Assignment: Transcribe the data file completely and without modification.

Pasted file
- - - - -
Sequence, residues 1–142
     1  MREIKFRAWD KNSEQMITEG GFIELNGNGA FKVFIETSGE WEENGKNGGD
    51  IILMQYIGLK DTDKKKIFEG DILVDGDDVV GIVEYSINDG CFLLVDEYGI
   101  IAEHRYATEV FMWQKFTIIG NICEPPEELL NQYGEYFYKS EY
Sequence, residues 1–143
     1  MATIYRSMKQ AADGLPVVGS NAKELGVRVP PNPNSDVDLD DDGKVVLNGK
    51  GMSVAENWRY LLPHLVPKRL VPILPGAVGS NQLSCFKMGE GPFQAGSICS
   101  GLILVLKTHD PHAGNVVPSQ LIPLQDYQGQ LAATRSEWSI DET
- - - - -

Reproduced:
Sequence, residues 1–142
     1  MREIKFRAWD KNSEQMITEG GFIELNGNGA FKVFIETSGE WEENGKNGGD
    51  IILMQYIGLK DTDKKKIFEG DILVDGDDVV GIVEYSINDG CFLLVDEYGI
   101  IAEHRYATEV FMWQKFTIIG NICEPPEELL NQYGEYFYKS EY
Sequence, residues 1–143
     1  MATIYRSMKQ AADGLPVVGS NAKELGVRVP PNPNSDVDLD DDGKVVLNGK
    51  GMSVAENWRY LLPHLVPKRL VPILPGAVGS NQLSCFKMGE GPFQAGSICS
   101  GLILVLKTHD PHAGNVVPSQ LIPLQDYQGQ LAATRSEWSI DET